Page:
Cell Reports 09/2013; · 7.21 Impact Factor
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    ABSTRACT: Tumor infiltrating lymphocytes (TIL) and histological regression in primary melanoma are generally considered indicators of the local immune response but their roles as prognostic factors have been variably reported. We examined the prognostic role of these variables in patients with high risk (T4) primary melanomas in a large series of patients with long-term follow-up. From a prospectively maintained cohort of patients diagnosed between 1971 and 2004, 161 patients were retrospectively identified with primary thick melanomas (>4 mm), no clinical evidence of regional nodal disease (RND) at diagnosis and complete histopathologic data. Univariate and multivariate Cox regression models were performed to identify clinical and histopathologic predictors of disease-specific survival (DSS) and to identify subgroups with differential survival. Factors significantly associated with decreased DSS by univariate analysis included male gender, age ≥ 60 years, axial anatomic location, presence of ulceration, RND, absence of TIL, and presence of regression. In the final multivariate model, TIL and regression, as interacting variables, and RND status remained significantly associated with DSS. In the presence of TIL, concomitant regression was associated with significantly worse survival (p ≤ 0.0001). In the absence of TIL, there was no effect of regression on survival (p = 0.324). Primary TIL and regression status and RND status are independently associated with melanoma-specific survival in patients with T4 melanomas; presence of TIL in the primary melanoma with concomitant radial growth phase regression is associated with a poor prognosis and may reflect an ineffective local regional immune response.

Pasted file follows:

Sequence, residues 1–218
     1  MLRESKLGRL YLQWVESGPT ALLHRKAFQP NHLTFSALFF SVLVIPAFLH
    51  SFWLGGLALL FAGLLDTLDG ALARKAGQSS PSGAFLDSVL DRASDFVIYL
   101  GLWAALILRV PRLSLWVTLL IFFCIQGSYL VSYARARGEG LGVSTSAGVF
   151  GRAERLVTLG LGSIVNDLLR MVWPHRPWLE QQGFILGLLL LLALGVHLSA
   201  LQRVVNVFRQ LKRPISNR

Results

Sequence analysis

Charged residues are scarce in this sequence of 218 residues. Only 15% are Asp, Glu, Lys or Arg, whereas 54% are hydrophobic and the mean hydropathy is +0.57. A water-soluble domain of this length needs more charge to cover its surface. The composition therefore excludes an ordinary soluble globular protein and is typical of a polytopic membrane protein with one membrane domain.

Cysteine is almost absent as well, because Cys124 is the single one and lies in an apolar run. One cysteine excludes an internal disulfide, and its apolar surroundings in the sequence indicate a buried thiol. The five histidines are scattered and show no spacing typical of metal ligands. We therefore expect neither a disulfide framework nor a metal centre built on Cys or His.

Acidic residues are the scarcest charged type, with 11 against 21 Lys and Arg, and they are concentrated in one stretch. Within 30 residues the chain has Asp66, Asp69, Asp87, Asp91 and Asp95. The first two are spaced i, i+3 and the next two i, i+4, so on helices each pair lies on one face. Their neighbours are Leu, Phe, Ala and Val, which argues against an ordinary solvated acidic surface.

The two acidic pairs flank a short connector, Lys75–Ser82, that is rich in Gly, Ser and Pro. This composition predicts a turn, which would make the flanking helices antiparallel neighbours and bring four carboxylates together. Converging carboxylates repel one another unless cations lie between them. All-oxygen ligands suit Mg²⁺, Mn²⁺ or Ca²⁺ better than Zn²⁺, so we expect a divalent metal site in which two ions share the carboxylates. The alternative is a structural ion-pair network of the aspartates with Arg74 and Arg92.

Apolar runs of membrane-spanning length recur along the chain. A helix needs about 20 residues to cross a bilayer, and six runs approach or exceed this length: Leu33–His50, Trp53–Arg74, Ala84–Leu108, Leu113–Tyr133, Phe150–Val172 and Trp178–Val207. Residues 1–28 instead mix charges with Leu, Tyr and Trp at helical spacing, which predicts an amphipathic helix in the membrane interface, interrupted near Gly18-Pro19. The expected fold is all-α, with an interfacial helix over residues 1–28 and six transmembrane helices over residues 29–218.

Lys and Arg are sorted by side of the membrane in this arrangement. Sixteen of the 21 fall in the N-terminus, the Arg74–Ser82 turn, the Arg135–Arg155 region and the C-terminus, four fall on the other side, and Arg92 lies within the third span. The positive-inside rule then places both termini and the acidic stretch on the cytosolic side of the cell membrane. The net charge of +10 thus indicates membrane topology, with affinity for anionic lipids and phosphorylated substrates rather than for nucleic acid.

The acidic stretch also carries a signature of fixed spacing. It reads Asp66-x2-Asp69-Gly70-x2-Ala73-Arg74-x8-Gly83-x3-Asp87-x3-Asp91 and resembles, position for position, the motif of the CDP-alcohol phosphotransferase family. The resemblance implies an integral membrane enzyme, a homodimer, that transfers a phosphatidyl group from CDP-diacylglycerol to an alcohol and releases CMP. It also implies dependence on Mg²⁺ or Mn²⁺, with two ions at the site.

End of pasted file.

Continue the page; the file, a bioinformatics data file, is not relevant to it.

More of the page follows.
Annals of Surgical Oncology 07/2013; · 4.12 Impact Factor
  • ASCO Annual Meeting, Chicago; 05/2013
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    ABSTRACT: The mechanisms underlying adaptive resistance of melanoma to targeted therapies remain unclear. By combining ChIP sequencing with microarray-based gene profiling, we determined that ERBB3 is upregulated by FOXD3, a transcription factor that promotes resistance to RAF inhibitors in melanoma. Enhanced ERBB3 signaling promoted resistance to RAF pathway inhibitors in cultured melanoma cell lines and in mouse xenograft models. ERBB3 signaling was dependent on ERBB2; targeting ERBB2 with lapatinib in combination with the RAF inhibitor PLX4720 reduced tumor burden and extended latency of tumor regrowth in vivo versus PLX4720 alone. These results suggest that enhanced ERBB3 signaling may serve as a mechanism of adaptive resistance to RAF and MEK inhibitors in melanoma and that cotargeting this pathway may enhance the clinical efficacy and extend the therapeutic duration of RAF inhibitors.
    The Journal of clinical investigation 04/2013; · 15.39 Impact Factor